Ruger SP101 8-shot, .22 LR Revolver
By the Guns and Shooting Online Staff
Ruger's eight-shot, double-action .22 revolver, introduced in the autumn of 2011, is based on their stainless steel SP101 action/frame, but with significant functional and aesthetic improvements. This is not your father's SP 101 .22 revolver.
Functional improvements over earlier SP101 .22's include a grooved rib atop the barrel, fully adjustable rear sight, ramp front sight with a green fiber optic (Hi-Viz) insert and, oh yes, an eight-shot cylinder. The barrel length is four inches.
Aesthetic improvements include wood--rather than plastic--inserts in the black rubber grips, round barrel (instead of the earlier blob shaped barrel), short ejector rod housing (rather than a full length barrel under lug), crisper and better defined top rib. The walnut grip inserts are decorated with checkered panels and a laser cut Ruger eagle logo. Very nice!
Deleting Ruger's melted-looking version of a full length under barrel lug is an especially good idea, as the Ruger under lug was ugly. Colt introduced a full length under lug on their famous Python revolver and the concept was subsequently copied by Ruger, Smith & Wesson, Taurus and others. Colt got the shape and proportion of their under lug exactly right, with the result that the Python and Diamondback revolvers are the best looking DA revolvers ever produced. Everyone else tried to copy the idea without making a totally obvious copy of the Colt under lug and produced ugly revolvers. With this new .22 SP101, Ruger has wisely returned to the tidy look of a round barrel with a short, integral ejector rod housing. The result, along with the other improvements mentioned above, is the best looking and most functional SP101 ever.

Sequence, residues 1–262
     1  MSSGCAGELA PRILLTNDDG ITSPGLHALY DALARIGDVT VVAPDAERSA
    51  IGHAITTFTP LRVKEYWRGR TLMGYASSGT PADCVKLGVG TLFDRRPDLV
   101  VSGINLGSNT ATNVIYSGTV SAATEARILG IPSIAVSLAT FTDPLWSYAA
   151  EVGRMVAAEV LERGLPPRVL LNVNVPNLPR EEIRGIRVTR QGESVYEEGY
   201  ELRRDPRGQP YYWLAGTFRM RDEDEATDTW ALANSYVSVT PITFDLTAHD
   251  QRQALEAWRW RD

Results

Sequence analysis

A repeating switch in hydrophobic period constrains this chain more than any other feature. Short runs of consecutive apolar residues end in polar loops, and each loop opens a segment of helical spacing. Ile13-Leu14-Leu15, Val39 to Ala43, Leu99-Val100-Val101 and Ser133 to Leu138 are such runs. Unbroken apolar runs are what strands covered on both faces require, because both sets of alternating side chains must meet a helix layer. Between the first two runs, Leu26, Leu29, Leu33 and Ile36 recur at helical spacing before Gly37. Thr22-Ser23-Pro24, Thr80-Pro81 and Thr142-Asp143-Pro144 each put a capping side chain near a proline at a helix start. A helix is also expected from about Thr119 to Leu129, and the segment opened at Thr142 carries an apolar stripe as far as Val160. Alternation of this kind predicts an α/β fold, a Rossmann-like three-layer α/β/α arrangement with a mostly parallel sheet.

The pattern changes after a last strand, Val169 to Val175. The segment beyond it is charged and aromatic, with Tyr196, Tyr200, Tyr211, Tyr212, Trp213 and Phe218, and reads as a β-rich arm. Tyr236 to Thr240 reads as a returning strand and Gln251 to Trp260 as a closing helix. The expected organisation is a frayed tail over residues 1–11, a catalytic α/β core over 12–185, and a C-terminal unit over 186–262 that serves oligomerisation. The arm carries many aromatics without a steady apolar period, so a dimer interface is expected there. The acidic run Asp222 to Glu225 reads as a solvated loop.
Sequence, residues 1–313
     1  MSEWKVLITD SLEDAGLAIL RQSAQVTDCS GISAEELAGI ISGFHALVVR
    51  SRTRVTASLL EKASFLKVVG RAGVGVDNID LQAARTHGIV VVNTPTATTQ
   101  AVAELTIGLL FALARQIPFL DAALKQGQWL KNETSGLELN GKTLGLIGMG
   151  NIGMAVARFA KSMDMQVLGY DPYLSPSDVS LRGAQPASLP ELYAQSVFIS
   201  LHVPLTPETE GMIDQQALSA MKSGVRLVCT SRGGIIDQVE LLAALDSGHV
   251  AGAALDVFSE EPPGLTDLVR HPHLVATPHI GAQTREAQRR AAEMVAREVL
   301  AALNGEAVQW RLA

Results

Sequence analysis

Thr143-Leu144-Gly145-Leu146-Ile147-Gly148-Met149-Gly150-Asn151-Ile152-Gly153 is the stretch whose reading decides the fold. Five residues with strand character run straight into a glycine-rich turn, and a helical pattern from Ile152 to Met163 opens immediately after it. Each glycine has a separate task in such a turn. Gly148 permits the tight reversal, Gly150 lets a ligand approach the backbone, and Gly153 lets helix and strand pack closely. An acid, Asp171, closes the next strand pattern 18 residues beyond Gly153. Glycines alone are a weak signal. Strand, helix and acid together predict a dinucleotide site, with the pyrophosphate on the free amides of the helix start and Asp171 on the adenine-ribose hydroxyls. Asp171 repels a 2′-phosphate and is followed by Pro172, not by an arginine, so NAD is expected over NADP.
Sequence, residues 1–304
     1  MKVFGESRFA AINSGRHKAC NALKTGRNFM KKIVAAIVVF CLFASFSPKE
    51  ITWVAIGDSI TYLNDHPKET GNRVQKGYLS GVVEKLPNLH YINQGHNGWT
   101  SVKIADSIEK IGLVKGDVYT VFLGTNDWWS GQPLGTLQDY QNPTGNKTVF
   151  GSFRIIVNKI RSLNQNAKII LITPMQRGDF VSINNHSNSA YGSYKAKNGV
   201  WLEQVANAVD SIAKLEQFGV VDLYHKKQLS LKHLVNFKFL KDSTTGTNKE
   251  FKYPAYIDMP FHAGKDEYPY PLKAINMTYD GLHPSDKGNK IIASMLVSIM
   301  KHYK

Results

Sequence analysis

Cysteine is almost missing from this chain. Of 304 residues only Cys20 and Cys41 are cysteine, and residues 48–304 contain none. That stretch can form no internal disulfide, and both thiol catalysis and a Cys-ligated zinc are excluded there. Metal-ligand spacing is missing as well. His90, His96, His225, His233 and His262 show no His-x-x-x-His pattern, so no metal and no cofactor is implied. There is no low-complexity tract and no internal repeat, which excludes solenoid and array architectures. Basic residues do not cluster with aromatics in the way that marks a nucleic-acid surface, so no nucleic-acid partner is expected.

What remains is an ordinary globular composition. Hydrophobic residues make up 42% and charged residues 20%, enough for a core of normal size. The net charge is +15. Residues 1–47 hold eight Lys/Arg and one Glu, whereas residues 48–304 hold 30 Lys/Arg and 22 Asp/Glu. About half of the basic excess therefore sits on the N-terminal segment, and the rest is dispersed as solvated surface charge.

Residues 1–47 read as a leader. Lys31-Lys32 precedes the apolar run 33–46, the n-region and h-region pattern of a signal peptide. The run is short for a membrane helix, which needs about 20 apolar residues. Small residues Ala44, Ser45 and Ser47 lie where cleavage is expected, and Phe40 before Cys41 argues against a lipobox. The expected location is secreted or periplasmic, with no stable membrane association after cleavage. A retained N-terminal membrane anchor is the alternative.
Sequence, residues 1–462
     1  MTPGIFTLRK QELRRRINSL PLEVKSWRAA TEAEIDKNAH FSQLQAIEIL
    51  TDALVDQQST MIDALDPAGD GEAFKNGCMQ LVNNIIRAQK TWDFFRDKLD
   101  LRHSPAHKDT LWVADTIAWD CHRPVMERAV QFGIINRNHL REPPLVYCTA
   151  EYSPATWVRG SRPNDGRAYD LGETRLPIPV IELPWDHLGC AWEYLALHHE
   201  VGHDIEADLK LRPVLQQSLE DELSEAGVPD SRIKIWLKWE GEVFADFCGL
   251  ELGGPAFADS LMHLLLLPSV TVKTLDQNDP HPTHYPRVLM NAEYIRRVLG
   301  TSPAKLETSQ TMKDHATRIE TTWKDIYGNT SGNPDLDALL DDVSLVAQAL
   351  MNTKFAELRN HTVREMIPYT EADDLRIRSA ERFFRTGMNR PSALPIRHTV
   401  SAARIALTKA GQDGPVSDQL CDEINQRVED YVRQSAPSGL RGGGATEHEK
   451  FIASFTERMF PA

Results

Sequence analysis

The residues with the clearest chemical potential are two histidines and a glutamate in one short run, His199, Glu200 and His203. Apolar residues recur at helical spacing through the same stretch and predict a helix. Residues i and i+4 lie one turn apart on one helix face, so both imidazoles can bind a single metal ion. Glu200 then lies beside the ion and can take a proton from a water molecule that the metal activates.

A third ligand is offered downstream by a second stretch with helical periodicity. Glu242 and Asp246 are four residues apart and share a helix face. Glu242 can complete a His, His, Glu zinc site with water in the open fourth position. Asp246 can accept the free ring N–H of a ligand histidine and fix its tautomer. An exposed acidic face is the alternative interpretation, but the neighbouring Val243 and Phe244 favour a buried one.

Like previous SP101's, the new .22 incorporates a stub grip frame, transfer bar ignition, front and rear cylinder locks and rubber cushioned grips. The grip is rather square in cross-section. The muzzle is not crowned, but the rifling is slightly countersunk. Depressing the release button on the left side of the frame allows the cylinder to swing out for loading/unloading. A single press of the hollow ejector rod ejects all eight empty cases. The ejector rod does not turn with the cylinder.
The cylinder crane to frame fit is about average. Cylinder to barrel gap is tight and consistent. The cylinder star is symmetrical and uniformly machined. Cylinder locking is tight with little movement. The cylinder rotates counter-clockwise (out of the frame). Ruger's satin stainless external polish is among the best, attractive without being highly reflective. It is a definite step-up from S&W and Taurus stainless polishes.
Our test gun was shipped to us in a Ruger gray plastic case. Inside, in addition to the revolver, was a massive gun lock, SP101 Instruction Manual, Instruction Manual Insert for the 8-shot .22 and miscellaneous paperwork.